Museum Architecture as Spatial Storytelling of Historical Time: Manifesting a Primary Example of Jewish Space in Yad Vashem Holocaust History Museum
The Yad Vashem Holocaust History Museum (YVHHM) in Jerusalem is considered a spatial storytelling tool that successfully establishes an architectural dimension and thus displays, reveals, and interprets historical time during the Holocaust. The research method of this study is drawn from a case study of YVHHM and consists of a literature review of scholarship in museum studies about artifacts and exhibition techniques of storytelling.
Updated: Feb. 13, 2018
With a foot in the tech world and another in Jewish culture, the JCC in Palo Alto has transformed itself into a hub for local Israeli expatriates. Located on a sprawling 8.5-acre campus, the place known formally as the Oshman Family Jewish Community Center has done what many mainstream American Jewish institutions are still attempting: attracting American Israelis, numbering in the hundreds of thousands, to programs at a legacy organization.
Updated: Feb. 12, 2018
This article proposes a conceptual model of experiential multicultural museum education that delineates teaching approaches in multicultural museum education. It is grounded in the framework of conceptual research aimed at identifying and clarifying key characteristics and educational concepts raised by museum’s designers and educators. The analysis it presents is based on insights learned during the design of the Interactive Jewish Museum of Chile.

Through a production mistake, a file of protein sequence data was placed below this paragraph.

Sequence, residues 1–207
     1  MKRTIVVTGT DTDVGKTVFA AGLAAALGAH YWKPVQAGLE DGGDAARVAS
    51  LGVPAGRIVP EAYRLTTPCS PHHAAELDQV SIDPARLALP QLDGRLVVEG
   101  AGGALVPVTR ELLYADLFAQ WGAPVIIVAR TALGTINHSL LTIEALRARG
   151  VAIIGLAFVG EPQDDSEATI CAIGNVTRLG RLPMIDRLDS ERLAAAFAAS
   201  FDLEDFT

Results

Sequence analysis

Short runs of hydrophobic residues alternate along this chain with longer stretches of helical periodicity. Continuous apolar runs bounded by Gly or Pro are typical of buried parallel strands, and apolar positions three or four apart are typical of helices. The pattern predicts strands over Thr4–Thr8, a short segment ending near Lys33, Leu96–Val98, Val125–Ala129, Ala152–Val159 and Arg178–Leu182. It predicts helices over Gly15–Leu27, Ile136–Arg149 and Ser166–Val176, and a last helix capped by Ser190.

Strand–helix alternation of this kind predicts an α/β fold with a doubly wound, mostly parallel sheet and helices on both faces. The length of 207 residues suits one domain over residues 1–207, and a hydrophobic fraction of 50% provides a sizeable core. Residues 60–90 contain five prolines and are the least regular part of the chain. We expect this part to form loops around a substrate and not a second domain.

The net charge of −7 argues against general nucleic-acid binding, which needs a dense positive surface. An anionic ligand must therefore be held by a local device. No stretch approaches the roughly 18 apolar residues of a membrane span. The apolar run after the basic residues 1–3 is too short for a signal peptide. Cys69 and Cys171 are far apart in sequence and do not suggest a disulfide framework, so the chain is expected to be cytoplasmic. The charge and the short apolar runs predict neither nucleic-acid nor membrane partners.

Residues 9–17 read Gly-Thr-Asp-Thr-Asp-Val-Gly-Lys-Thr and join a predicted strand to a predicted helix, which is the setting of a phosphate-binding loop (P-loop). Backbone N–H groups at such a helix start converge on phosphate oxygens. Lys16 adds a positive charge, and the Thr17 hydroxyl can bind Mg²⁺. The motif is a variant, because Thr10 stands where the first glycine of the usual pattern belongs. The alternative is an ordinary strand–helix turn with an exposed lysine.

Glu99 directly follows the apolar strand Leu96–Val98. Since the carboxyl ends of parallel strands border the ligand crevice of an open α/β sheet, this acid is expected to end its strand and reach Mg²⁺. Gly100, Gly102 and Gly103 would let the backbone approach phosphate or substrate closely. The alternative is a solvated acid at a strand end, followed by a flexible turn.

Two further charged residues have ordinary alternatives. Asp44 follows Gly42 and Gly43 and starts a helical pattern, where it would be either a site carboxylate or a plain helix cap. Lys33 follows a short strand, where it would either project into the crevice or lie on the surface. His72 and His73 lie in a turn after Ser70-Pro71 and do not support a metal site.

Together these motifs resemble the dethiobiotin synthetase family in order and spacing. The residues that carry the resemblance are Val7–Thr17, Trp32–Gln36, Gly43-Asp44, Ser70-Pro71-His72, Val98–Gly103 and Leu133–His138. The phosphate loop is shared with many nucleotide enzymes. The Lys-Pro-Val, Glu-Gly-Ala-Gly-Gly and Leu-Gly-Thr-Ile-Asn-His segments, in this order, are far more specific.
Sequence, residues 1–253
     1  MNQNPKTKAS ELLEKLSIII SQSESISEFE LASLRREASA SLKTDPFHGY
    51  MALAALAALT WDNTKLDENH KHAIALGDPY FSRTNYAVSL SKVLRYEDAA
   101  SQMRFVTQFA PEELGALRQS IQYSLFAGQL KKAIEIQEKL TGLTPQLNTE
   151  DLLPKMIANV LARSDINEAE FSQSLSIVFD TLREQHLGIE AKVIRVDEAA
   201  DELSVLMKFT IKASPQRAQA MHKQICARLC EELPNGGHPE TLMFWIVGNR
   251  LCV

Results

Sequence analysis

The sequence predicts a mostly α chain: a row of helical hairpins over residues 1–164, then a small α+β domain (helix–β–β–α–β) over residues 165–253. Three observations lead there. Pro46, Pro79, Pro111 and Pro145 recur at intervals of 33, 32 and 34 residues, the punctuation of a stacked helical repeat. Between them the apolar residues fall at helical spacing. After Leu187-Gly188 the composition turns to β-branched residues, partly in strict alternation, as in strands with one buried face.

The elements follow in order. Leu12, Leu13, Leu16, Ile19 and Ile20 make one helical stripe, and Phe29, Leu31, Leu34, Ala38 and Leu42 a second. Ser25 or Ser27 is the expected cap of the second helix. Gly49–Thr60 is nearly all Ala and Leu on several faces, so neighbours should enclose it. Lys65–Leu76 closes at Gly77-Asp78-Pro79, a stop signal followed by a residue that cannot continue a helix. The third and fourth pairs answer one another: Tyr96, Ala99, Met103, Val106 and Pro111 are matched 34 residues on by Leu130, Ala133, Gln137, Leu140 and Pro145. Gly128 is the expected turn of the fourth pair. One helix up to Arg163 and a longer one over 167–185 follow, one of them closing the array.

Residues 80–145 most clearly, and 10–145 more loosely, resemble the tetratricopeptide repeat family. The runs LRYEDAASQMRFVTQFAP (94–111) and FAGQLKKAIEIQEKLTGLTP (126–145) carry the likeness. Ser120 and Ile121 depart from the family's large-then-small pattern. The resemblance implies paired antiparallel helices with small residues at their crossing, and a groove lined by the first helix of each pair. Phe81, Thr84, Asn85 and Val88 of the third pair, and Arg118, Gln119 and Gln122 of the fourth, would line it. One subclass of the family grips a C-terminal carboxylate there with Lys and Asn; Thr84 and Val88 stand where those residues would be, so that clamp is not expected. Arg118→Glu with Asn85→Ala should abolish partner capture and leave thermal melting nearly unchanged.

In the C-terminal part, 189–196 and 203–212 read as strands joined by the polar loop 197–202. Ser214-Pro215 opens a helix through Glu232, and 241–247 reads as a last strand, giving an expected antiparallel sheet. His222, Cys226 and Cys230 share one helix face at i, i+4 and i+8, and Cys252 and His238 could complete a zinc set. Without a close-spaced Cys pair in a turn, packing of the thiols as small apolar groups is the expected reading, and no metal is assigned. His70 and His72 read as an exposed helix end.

Updated: Feb. 12, 2018
MOFET International Writing Competition for Students of Hebrew as an Additional Language on the Theme of "A Ray of Light in the Dark"
Every year before Chanukah, the International Forum for Hebrew Teachers organizes a Hebrew writing competition for Hebrew students on the subject of "Or - Light". This year, we decided to “shine our countenance” on a wider audience of Hebrew learners, also receiving works from students whose teachers are not members of the forum. In addition, the competition was held for the first time in cooperation with the Hebrew Writers' Association, and for the first time prizes were also awarded. The works were sent from around the world (including Israel), and the best were chosen by professional judges, members of the International Forum of Hebrew Teachers.
Updated: Feb. 11, 2018
“I had to live, breathe, and write my character”: Character Selection and Student Engagement in an Online Role-Play Simulation
This study explores the relationship between character selection and student engagement in the Jewish Court of All Time (JCAT), an online and classroom-based role-playing simulation of a current events court case with Jewish historical roots. Analyzing students’ responses to three questions posed in an out-of-character JCAT discussion forum, we tracked indications of their different types and styles of engagement and how they were associating this engagement with their character roles.
Updated: Nov. 15, 2017